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What is a Lateral ankle sprain
The foot and ankle is a complex piece of anatomy and design, with a multitude of ligaments, bones, and sinuses. A Lateral ankle sprain or ‘inversion ankle sprain’, is when you roll your ankle inwards, stretching and hurting the ligaments on the outside of your ankle joint. It is one of the most common injuries at this region, and one of the most common sports injuries.
The ankle joint consists of the tibia, fibula and talus articulating bones, and is stabilised mainly by three ligaments complexes : lateral complex (outside ankle), medial deltoid (inside of ankle ) and the Syndesmosis (high ankle area- between the fibular and tibia). Although there is a group of ligaments at the posterior (behind ) the ankle and just in front of the that can sometimes also be involved, in more severe injuries but is less common.
The severity of ankle sprains vary depending on the mechanism of injury ( high versus low energy), position of the foot and rotational force on the joint and stabilising ligamentous structures. Treatments and outcomes will also depend on the type of injury, damage , health and age.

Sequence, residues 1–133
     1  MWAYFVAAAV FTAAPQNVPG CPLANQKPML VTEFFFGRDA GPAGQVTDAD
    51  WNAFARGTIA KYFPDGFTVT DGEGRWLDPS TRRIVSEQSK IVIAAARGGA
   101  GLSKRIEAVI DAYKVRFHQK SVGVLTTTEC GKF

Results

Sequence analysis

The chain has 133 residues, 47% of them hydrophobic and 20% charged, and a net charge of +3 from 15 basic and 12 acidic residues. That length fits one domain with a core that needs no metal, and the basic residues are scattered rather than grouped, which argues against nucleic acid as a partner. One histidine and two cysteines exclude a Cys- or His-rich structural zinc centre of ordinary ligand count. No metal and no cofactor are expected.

The anterior talo fibular ligament ATFL is the first ligament to be damaged during a lateral ankle sprain, followed most often by the calcaneofibular ligament CFL. The posterior talo fibular ligament PTFL is the next one injured, but is typically only in severe ankle sprains and is often accompanied by fractures or dislocations or both. The calcanei cuboid and bifurcate ligaments, on the top of the foot and infront of the outside ankle, and the syndesmosis group high in the ankle, are less commonly injured.
Low grade injuries ( grade 1 and 2) result in stretching and or partial tears of the the ligaments, while a high grade (grade 3) ankle sprain often also includes the syndesmosis complex (tibia fibular ligaments structures) and may cause tendon disruption. Often, resulting in full ligament ruptures and fractures due to higher energy incidents.
You can also roll the other way and hurt the ligaments on the inside of your ankle, however, this is less common.
How do they occur?
Lateral ankle sprains most commonly occur due to excessive supination ( turning in) of the rear-foot about an externally (outwardly) rotated lower leg soon after initial contact of the rear-foot during gait or landing from a jump, often due to activity on uneven surfaces, poor footwear, and/or foot type.